Sins of Eden

There have always been three gods. Always.

Until Elise Kavanagh murdered them.

A demon named Belphegor has entered the Origin and become a new god, triggering genesis: the death and rebirth of the entire universe. He wants Elise to join him in Eden for the end of all things, but only once she’s watched everyone she cares about die painfully under his heel.

With nothing but a dwindling army of werewolves, Elise must enter Eden, slaughter Belphegor, and stop the genesis. But Belphegor’s smarter than Adam ever was, and far crueler. He’s spent lifetimes preparing for this.

He will have his world of Hellfire. He will have victory. And he will have Elise’s life…

Caged in Bone

Abel Wilder, werewolf Alpha, has gone missing, leaving his mate and the pack in a panic. His captor magicked his scent out of the sanctuary so that his mate can’t track him down. Only one witch can cast a spell that powerful.

James Faulkner has finally crossed a line that Elise Kavanagh can’t ignore.

Elise is going to have to hunt James down before the werewolf pack loses its Alpha and Rylie loses her mate. And Elise will have to find a way to make sure that James never bothers the pack—or anyone else—ever again.


Abel woke up on the last day he would spend with the werewolf pack and stared at his ceiling. The sun hadn’t risen yet. Moonlight reflected off the icy lake, casting silhouettes above his bed in the shape of tree branches and the ridged edge of a bush.

The pillow next to him was empty, indented where a body used to be. The sheets had been pulled aside. He could still smell the woman that had been there, even though the rapid fade of her sweat meant that she had already been gone for an hour. He dropped his hand into the empty space and imagined her warmth.

Rylie Gresham, Alpha werewolf, was an early riser. Had been for as long as he’d known her. He couldn’t remember the last time she’d slept in later than him, but he wished she would have slept in that morning. Would have been nice to wake up beside his mate just the once.


Abel shut his eyes again, tried to relax. But even though he had just woken up, he felt completely alert—no chance of falling back asleep now. His heart was already starting to race and he hadn’t gotten out of bed yet.

He inhaled deeply. Through the artificial barrier of the walls, he could smell the world beyond. Pine. Ice. Mud. Tar. Smoke. Wolves. Deer. Someone was already awake and starting to cook breakfast. It was a big job, feeding a pack of hungry wolves and all the humans that hung out with them. There hadn’t been a new werewolf in months, yet their pack was growing rapidly.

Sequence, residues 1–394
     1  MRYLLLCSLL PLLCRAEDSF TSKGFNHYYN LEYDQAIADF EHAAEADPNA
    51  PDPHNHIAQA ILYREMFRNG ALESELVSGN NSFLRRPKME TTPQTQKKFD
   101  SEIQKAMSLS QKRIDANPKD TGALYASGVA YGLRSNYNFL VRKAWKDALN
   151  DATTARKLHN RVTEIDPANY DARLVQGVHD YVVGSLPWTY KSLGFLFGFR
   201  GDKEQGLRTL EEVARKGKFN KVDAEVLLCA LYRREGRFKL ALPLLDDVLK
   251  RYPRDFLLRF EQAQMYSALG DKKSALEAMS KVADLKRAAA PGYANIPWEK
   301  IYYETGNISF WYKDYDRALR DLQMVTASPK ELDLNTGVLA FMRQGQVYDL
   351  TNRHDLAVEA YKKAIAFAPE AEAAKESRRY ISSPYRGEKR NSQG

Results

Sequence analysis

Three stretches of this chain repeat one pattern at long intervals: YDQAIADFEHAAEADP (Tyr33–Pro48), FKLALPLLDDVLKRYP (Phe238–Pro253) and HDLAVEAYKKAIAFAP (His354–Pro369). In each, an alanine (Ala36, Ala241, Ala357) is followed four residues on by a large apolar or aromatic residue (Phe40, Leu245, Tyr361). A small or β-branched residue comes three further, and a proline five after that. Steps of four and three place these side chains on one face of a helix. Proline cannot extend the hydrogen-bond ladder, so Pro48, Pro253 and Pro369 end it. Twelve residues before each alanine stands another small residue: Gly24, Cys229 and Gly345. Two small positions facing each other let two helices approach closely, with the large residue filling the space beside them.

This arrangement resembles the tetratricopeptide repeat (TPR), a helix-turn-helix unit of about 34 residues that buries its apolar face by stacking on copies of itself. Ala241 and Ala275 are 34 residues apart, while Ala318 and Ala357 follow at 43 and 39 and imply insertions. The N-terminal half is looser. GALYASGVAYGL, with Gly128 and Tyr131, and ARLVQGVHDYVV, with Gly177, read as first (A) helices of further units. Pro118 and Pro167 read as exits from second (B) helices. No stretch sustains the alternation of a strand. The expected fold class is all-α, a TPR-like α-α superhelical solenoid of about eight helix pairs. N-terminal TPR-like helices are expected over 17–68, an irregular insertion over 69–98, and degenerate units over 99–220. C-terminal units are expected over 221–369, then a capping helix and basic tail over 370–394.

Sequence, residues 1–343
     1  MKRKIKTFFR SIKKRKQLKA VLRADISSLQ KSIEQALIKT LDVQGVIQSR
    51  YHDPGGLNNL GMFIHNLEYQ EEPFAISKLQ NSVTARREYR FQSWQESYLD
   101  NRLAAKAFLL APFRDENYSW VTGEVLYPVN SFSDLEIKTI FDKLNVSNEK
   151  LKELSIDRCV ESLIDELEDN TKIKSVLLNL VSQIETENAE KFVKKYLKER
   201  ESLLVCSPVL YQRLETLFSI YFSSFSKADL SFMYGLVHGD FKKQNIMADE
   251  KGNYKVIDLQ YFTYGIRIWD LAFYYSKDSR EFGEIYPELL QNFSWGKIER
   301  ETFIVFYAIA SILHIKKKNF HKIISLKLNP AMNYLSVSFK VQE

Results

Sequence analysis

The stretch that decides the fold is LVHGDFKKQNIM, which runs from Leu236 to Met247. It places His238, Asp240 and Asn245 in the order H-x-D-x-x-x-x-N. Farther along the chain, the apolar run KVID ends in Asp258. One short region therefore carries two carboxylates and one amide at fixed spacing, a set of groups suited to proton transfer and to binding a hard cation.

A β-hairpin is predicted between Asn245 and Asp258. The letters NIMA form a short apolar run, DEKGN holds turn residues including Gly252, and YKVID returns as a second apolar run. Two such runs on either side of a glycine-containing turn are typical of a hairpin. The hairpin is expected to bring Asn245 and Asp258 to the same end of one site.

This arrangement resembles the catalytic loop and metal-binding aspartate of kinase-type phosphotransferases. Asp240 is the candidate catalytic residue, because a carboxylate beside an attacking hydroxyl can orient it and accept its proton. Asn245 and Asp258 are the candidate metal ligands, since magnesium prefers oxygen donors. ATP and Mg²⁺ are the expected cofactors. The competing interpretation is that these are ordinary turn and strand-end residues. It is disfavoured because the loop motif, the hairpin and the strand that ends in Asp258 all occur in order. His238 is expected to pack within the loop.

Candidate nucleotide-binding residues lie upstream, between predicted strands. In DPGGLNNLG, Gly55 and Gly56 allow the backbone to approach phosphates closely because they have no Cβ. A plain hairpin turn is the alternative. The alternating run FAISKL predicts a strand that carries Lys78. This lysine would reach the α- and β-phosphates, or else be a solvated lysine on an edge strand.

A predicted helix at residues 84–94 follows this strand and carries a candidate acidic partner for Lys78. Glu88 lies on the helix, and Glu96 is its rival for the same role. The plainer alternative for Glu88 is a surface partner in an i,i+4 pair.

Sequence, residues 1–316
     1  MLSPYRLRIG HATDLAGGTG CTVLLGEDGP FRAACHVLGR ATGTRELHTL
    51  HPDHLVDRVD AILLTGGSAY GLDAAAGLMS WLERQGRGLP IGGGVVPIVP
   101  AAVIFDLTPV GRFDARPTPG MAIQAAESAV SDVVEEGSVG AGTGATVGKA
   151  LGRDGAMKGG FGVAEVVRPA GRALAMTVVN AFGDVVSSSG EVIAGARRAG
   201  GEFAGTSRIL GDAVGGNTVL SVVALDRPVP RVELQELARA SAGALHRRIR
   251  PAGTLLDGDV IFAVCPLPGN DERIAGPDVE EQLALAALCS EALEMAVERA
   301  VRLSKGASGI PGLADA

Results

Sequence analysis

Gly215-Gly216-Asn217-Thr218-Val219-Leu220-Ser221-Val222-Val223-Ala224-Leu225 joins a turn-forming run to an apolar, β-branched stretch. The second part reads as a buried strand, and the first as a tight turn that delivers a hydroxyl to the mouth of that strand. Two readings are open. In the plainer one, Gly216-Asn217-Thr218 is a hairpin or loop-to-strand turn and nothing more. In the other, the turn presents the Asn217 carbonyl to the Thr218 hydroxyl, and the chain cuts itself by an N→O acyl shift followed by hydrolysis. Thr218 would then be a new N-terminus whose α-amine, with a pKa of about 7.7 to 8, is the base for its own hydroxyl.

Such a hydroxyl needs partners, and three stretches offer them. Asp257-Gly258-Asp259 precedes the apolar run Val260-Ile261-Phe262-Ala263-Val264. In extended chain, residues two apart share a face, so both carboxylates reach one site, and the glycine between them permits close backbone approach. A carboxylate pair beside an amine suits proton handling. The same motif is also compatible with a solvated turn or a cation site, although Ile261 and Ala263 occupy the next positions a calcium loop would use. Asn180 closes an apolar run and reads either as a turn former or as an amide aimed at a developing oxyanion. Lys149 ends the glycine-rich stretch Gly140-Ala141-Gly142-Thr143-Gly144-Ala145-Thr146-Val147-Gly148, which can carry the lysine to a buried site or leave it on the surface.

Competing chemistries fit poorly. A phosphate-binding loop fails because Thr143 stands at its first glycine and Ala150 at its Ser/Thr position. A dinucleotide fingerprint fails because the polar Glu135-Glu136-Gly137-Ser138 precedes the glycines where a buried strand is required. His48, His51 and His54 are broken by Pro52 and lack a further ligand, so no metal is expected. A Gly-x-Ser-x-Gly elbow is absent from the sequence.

This was the last time he’d be smelling all of that for a while—the soaps and shampoos and sweat and human stink of it all.

He wondered if he would miss it.


Abel stuffed his feet into boots, pulled on a sweater, stepped outside. Most of the pack was still asleep. The sanctuary was quiet, even though what used to be a collection of cottages straddling a single road was rapidly becoming a small town. The two greenhouses had become four. They were building a trading post, kind of like a general store, and a school—a goddamn school.

Originally, they’d talked about those additions casually, like a “maybe someday” thing. Maybe if we don’t all die in the apocalypse, then someday we can build a school.

Hell was on Earth, the apocalypse had come, they were still alive, and now they were building a school.

He never thought he’d see the day.

Shoving his hands in his pockets, he walked fast to warm himself up, lifting his knees high to trudge through the feet of snow that had accumulated overnight. Wind bit at his nose and cheeks.

He found a shovel in the storehouse and got to work unburying the main road. They’d recovered a plow that could handle the road between the sanctuary and Northgate, but it had trouble getting down the hill into the valley. That meant that it took manual labor to clear a path all the way down. Usually, Abel let someone else do it. He liked to spend his day as a wolf, patrolling the perimeter, tracking the movements of deer through their mountains, sheltering in that no-emotion warmth of the beast’s mind.

But this morning Abel put all his weight into shoveling. He dug deep into the snow by the greenhouses and piled it on the side of the road, moving slowly down the hill. In the dim light of early morning, the snow had purple undertones. Almost the same color as the clouds in the sky.

His breath was a gray mist as he worked. The ice was settling in the forest, cracking and shifting. The river had frozen and turned the waterfall into a few long icicles plastered to the side of the cliff, and it always seemed too quiet without the water flowing. There was nothing to listen to but the rhythm of his slow, steady footsteps and the scrape of a metal shovel against asphalt.

He lost himself in the motion of it. The repetition.

Abel cut through the cottages and past the kitchen before he took a break, jabbing the shovel into a snowdrift so that he could lean on it. He was suddenly too hot. He pulled off the jacket and tossed it onto a picnic table.

The creak of hinges told him he wasn’t alone anymore. Abel turned.

A woman had appeared on the steps of the kitchens while his back was turned. She was bundled in a jacket, oversized jeans, snow boots. Her face below the collar was covered in a scarf, but he could tell she was smiling at him by the way her eyelids creased.

Abel sniffed the air, inhaling her scent across the long road. She must have been cooking breakfast. The air that came from the kitchen behind her smelled of a slow-cooked roast. But his wolf stirred at the musk of the woman, not the meat.


This was the missing woman from his bed, the woman that had been missing in his life long before he had known she existed.

He didn’t have to speak or wave to acknowledge her. The heat of their joined gazes was enough. He wouldn’t have been surprised if it had been hot enough to melt all the snow between them.